Posted December 8, 2014 by in Awesome Books

Best Play Taught in High Schools (Poll)

Shakespeare, Hansberry, Williams, and Miller—these are the names many of us fondly recall from our high school days. The list certainly doesn’t stop with these named remarkable talents. Ibsen, Wilder, and Beckett are just a few more to add. The list could go on for days, really. So many wonderful playwrights have given us great stories about love, strength, race, and dreams. But, which playwright holds the recognition of creating the best play? We’ve created a poll to determine what our readers think is the best play taught in high schools.

For this poll, there is no voting discrimination of age or setting. If it’s a play taught in high schools, whether it’s now or when you were a youngster, it’s fair game. So pick your Shakespearian classic if that’s your style. If you prefer post-WWII Americana, then check it. Select anything; it’s up to you. Scroll through our list and mark your choice.

What’s the Best Play You Read in High School?

  • A Raisin in the Sun by Lorraine Hansberry (25%, 1 Votes)
  • Trifles by Susan Glaspell (25%, 1 Votes)
  • Our Town by Thornton Wilder (25%, 1 Votes)
  • The Glass Menagerie by Tennessee Williams (25%, 1 Votes)
  • A Doll’s House by Henrik Ibsen (0%, 0 Votes)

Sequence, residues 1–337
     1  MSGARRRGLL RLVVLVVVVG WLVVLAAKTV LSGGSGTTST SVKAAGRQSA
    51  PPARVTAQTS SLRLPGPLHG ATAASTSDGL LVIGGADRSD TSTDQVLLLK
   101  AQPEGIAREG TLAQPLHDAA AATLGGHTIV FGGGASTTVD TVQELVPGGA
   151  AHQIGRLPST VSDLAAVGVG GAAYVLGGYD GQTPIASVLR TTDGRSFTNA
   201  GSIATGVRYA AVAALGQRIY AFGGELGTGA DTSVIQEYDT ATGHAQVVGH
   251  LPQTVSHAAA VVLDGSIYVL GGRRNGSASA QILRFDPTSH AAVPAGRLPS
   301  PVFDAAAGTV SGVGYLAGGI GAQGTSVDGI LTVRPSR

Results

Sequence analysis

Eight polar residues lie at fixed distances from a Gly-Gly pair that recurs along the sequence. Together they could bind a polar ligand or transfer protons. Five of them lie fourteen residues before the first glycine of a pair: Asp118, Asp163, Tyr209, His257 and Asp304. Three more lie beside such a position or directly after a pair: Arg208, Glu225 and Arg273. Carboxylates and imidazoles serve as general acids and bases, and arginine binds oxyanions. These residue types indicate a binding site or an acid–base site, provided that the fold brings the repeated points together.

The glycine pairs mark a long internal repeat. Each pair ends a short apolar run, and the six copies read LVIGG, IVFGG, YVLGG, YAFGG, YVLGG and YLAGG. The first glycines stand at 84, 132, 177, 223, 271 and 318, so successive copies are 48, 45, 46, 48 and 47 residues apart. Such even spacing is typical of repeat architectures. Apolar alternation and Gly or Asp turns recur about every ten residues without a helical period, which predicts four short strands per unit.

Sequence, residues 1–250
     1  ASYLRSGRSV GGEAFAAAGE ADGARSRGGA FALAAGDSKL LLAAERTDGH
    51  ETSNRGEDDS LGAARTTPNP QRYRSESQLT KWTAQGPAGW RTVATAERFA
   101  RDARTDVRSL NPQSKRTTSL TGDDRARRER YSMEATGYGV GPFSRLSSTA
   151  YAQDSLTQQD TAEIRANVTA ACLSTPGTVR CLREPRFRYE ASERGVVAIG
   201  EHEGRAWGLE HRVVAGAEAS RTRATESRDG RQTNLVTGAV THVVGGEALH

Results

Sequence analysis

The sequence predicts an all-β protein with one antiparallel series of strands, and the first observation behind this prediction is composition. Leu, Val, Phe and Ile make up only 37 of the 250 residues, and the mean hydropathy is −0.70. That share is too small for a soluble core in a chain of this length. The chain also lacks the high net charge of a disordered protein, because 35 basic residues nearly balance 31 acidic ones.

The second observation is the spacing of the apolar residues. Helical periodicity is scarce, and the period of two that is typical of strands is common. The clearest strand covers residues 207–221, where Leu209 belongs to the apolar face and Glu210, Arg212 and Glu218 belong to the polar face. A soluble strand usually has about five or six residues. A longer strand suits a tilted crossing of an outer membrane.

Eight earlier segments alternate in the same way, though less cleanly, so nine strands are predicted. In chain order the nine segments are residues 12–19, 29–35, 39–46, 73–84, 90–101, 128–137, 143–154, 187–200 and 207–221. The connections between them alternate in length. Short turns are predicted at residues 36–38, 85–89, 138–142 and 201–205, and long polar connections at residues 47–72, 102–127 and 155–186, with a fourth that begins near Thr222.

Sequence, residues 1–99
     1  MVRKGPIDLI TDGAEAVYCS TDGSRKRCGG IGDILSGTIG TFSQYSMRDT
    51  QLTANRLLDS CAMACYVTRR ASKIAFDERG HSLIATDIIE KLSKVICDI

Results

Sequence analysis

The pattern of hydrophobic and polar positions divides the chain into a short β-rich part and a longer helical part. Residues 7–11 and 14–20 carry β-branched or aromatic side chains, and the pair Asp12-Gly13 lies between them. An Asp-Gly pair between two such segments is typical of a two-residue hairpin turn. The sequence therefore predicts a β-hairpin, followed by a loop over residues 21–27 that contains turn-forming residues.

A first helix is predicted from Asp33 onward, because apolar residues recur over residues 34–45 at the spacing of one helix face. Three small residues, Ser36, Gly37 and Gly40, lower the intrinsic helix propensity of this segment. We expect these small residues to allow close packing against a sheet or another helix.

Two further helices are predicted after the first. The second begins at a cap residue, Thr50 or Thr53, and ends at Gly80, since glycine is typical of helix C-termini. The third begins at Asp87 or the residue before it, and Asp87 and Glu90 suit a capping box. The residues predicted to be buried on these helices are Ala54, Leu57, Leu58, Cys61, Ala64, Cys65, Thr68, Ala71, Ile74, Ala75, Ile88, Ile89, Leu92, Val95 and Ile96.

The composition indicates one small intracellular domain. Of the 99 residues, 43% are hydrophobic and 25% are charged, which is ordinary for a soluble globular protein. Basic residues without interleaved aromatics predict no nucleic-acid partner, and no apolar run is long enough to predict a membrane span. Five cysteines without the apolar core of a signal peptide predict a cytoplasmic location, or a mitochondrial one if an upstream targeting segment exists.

• Romeo and Juliet by William Shakespeare (0%, 0 Votes)
  • The Crucible by Arthur Miller (0%, 0 Votes)
  • The Importance of Being Earnest by Oscar Wilde (0%, 0 Votes)
  • The Miracle Worker by William Gibson (0%, 0 Votes)
  • The Taming of the Shrew by William Shakespeare (0%, 0 Votes)
  • Othello by William Shakespeare (0%, 0 Votes)
  • Oedipus Rex by Sophocles (0%, 0 Votes)
  • Much Ado About Nothing by William Shakespeare (0%, 0 Votes)
  • A Streetcar Named Desire by Tennessee Williams (0%, 0 Votes)
  • Antigone by Sophocles (0%, 0 Votes)
  • Death of a Salesman by Arthur Miller (0%, 0 Votes)
  • Fences by August Wilson (0%, 0 Votes)
  • Hamlet by William Shakespeare (0%, 0 Votes)
  • Julius Caesar by William Shakespeare (0%, 0 Votes)
  • Macbeth by William Shakespeare (0%, 0 Votes)
  • Midsummer Night’s Dream by William Shakespeare (0%, 0 Votes)
  • Waiting for Godot by Samuel Beckett (0%, 0 Votes)

Total Voters: 4

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Voting will be open until Friday evening. Come back next week for the results and for my choice as the best play in the high school literary canon.

Didn’t see your favorite? Sound off in the comments and we’ll mark it as a write-in candidate. Until next week, happy reading, Bookkaholics!

Bradley Sides

Bradley Sides holds an M.A. in English. His fiction appears in numerous print and online journals. He is a staff writer for Bookkaholic and a frequent contributor to Drunk Monkeys. He resides in Florence, Alabama, with his wife, and he is working on securing a release date for his debut novel, Leaving Today.